T.P.I. -- CRIM. 39.03
UNLAWFUL PHOTOGRAPHING IN VIOLATION OF PRIVACY
Any person who commits the offense of unlawful photographing an individual in violation of privacy is guilty of a crime.
For you to find the defendant guilty of this offense, the state must have proven beyond a reasonable doubt the existence of the following essential elements:1
(1) that the defendant [photographed an individual] [caused an individual
to be photographed];
(2) that the photograph would offend or embarrass an ordinary person if
such person appeared in the photograph;
(3) that the photograph was taken for the purpose of sexual arousal [and]
[or] gratification of the defendant; [For crimes occurring after July 1, 2000, the language changed from Aand@ to Aor.@]
(4) that the photograph was made without the prior effective consent of
[the individual photographed, if an adult] [in the case of a minor, the
minor's parent or guardian];
(5) that the individual in the photograph was in a place where there was a
reasonable expectation of privacy;
(6) that the defendant acted knowingly in taking the photograph or in
causing it to be taken;
[(7) that the defendant disseminated or permitted the dissemination of the
photograph to any other person.]2
"Photograph" means any photograph or photographic reproduction, still or moving, or any videotape or live television transmission of any individual so that such individual is readily identifiable.3
"Effective consent" means assent in fact, whether express or apparent, including assent by one legally authorized to act for another. Consent is not effective when:
(A) induced by deception or coercion;
(B) given by a person the defendant knows is not authorized to act as an
(C) given by a person who, by reason of youth, mental disease or defect,
or intoxication, is known by the defendant to be unable to make
reasonable decisions regarding the subject matter; or
(D) given solely to detect the commission of an offense.4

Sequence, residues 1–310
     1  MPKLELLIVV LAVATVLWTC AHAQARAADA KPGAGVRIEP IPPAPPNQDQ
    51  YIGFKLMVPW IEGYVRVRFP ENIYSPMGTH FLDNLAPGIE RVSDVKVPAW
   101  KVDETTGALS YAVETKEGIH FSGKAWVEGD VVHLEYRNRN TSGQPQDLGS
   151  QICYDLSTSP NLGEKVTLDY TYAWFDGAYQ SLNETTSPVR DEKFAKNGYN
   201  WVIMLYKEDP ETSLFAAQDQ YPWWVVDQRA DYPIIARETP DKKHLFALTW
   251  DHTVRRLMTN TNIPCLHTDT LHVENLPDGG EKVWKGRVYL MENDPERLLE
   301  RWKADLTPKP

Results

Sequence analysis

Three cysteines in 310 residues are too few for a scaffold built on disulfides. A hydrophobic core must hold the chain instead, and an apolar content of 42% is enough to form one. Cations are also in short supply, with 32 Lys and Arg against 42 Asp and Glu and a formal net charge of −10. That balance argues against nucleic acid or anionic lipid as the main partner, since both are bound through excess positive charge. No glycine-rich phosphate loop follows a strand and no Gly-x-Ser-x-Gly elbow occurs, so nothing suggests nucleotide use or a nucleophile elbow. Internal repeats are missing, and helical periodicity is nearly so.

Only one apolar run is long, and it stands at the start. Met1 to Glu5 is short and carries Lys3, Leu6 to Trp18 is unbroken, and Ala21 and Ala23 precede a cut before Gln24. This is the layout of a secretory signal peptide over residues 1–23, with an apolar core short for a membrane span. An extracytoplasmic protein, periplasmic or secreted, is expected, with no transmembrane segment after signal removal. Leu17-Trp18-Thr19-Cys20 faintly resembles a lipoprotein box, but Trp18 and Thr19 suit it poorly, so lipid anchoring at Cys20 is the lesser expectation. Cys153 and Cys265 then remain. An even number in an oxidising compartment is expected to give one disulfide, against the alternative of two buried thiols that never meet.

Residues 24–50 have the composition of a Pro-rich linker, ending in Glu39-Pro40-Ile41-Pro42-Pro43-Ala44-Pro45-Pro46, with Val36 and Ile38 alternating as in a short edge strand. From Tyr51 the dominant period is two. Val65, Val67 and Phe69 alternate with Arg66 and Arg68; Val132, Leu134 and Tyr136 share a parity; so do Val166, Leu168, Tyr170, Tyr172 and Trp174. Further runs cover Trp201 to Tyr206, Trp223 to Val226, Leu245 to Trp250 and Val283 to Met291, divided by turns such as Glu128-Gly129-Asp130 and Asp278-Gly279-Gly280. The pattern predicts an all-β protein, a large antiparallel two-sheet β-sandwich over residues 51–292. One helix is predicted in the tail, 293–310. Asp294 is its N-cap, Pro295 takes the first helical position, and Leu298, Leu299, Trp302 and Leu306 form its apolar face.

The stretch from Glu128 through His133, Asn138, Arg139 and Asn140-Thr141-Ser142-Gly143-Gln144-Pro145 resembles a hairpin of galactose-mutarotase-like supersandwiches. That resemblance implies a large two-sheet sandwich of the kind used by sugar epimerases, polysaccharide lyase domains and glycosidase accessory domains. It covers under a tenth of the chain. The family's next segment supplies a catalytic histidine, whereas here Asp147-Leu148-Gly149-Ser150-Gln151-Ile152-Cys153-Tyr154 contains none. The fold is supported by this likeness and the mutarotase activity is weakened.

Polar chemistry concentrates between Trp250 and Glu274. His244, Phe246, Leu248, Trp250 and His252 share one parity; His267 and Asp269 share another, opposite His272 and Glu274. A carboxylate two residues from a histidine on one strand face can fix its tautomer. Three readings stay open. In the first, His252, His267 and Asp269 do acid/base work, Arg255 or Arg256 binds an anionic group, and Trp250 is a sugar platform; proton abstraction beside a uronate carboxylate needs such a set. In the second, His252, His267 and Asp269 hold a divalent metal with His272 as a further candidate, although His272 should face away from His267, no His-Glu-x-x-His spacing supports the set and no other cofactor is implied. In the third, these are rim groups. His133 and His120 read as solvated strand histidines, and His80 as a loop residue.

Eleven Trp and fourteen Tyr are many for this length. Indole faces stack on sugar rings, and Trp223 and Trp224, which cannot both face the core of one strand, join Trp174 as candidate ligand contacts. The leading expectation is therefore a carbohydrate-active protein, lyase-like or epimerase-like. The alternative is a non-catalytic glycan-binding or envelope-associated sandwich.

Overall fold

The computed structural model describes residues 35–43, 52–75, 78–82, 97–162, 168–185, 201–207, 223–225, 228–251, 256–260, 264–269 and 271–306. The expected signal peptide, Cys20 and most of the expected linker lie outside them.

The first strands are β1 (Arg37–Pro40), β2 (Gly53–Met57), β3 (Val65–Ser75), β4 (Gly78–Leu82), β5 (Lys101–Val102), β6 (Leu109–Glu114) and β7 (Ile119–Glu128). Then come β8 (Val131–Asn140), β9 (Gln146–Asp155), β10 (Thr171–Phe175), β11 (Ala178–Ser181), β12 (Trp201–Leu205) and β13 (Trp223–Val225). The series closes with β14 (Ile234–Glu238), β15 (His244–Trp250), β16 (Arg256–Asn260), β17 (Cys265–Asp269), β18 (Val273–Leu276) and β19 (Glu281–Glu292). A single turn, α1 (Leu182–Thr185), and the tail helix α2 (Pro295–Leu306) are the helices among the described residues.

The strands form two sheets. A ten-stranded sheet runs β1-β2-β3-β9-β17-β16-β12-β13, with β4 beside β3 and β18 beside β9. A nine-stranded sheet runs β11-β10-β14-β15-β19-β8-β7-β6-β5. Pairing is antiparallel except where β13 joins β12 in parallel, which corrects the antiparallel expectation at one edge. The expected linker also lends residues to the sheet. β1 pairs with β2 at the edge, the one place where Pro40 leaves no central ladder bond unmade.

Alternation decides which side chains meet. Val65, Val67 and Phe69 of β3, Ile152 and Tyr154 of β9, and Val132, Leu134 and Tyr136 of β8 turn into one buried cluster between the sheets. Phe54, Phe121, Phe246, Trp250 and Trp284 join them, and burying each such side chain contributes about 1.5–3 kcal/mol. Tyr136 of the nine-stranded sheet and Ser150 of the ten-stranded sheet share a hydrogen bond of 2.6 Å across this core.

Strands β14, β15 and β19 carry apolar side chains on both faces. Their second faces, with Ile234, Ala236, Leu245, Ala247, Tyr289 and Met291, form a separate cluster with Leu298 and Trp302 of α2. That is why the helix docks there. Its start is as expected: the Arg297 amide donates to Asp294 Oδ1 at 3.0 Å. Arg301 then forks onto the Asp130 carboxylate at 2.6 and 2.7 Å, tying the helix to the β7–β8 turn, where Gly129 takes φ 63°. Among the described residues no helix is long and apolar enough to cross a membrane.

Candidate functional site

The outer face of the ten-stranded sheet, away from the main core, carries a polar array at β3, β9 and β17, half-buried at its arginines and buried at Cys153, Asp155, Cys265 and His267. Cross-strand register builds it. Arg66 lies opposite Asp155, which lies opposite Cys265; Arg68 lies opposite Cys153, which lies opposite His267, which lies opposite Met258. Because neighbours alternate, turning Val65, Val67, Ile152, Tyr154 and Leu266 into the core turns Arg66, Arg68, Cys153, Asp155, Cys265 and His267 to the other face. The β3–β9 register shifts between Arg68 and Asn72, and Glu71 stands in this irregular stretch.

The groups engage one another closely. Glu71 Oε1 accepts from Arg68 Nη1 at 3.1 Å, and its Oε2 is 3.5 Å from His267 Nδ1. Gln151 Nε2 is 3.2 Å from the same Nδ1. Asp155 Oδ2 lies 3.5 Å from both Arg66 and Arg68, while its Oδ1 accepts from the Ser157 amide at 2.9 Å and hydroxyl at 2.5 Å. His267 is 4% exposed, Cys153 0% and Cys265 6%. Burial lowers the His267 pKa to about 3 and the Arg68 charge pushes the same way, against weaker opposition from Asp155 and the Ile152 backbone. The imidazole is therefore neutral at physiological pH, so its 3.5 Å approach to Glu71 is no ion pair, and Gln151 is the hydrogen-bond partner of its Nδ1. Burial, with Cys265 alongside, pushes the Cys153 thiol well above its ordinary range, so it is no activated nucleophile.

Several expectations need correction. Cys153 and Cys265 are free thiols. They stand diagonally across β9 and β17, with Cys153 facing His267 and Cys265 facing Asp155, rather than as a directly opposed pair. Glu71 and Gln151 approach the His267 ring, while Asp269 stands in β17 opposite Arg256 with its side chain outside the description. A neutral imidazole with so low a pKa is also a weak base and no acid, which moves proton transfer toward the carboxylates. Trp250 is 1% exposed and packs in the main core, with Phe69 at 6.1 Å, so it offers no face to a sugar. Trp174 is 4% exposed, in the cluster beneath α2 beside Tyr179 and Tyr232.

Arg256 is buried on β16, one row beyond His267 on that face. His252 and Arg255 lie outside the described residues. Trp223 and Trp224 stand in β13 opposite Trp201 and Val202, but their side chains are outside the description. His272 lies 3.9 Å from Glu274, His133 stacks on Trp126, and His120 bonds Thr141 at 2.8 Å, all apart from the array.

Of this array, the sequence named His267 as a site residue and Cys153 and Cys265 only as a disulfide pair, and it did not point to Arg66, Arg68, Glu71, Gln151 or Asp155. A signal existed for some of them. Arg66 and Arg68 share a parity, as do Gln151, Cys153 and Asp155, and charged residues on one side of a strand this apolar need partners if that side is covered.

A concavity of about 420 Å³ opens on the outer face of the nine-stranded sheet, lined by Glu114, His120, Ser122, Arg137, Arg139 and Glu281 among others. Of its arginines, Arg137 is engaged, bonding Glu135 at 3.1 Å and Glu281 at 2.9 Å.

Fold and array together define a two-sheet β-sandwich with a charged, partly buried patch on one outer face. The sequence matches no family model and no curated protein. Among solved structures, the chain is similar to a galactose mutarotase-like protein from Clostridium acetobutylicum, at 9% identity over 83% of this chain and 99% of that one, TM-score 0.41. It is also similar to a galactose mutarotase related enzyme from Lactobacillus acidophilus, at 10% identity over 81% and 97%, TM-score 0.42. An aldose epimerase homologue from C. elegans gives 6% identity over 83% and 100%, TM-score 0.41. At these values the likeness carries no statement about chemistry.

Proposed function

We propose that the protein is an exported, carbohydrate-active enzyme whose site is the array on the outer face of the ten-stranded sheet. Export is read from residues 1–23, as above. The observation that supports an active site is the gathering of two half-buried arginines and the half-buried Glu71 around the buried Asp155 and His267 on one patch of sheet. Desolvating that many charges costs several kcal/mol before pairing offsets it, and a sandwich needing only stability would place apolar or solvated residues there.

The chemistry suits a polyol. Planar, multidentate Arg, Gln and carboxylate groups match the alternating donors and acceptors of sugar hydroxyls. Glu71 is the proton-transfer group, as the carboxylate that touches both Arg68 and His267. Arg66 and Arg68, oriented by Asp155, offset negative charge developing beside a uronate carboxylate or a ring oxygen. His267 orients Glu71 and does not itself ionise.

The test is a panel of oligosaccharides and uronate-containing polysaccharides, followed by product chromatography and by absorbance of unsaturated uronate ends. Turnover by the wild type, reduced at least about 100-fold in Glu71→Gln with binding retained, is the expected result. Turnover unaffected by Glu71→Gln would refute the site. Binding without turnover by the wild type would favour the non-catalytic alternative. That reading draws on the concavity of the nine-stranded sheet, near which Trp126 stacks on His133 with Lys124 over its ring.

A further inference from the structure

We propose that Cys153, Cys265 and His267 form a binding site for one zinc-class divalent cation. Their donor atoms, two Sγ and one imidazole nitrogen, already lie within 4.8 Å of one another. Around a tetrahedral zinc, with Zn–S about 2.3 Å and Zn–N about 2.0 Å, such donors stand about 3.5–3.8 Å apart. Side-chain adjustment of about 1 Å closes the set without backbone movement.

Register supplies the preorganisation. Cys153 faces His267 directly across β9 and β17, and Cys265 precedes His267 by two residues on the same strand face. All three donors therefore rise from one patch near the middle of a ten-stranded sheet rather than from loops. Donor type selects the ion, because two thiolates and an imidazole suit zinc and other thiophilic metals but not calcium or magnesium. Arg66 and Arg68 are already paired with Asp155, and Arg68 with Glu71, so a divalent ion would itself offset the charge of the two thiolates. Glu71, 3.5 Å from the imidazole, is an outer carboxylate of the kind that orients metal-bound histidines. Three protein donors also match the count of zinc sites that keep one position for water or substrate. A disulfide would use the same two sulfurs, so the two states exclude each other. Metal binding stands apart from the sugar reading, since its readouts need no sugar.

"Knowingly" means that a person acts knowingly with respect to the conduct or to circumstances surrounding the conduct when the person is aware of the nature of the conduct or that the circumstances exist. A person acts knowingly with respect to a result of the person's conduct when the person is aware that the conduct is reasonably certain to cause the result.5
The requirement of "knowingly" is also established if it is shown that the defendant acted intentionally.6
"Intentionally" means that a person acts intentionally with respect to the nature of the conduct or to a result of the conduct when it is the person's conscious objective or desire to engage in the conduct or cause the result.7
["Disseminating" means the playing or duplicating of the recording in a manner other than authorized by this law.]8
1. Tenn. Code Ann. ' 39-13-605.
2. Tenn. Code Ann. ' 39-13-605(d)(2). See Comment 1.
3. Tenn. Code Ann. ' 39-13-605(b).
4. Tenn. Code Ann. ' 39-11-106(a)(9).
5. Tenn. Code Ann. ' 39-11-106(a)(20).
6. Tenn. Code Ann. ' 39-11-301(a)(2).
7. Tenn. Code Ann. ' 39-11-106(a)(18).
8. Tenn. Code Ann. ' 39-13-604(a)(1)(D).
1. A violation of this statute is a Class A misdemeanor unless the defendant disseminates the photograph to any person or permits the dissemination of the photograph, in which case it is a Class E Felony. Tenn. Code Ann. ' 39-13-605(d)(1) and (2). (As amended by Public Chapter 97-469,
effective date July 1, 1997). Violations occurring prior to the July 1, 1997 date
are Class B misdemeanors unless the defendant disseminates the photograph to
any person or permits the dissemination of the photograph, in which case it is a
Class A misdemeanor. Tenn. Code Ann. ' 39-13-605 (d) (1) and (2).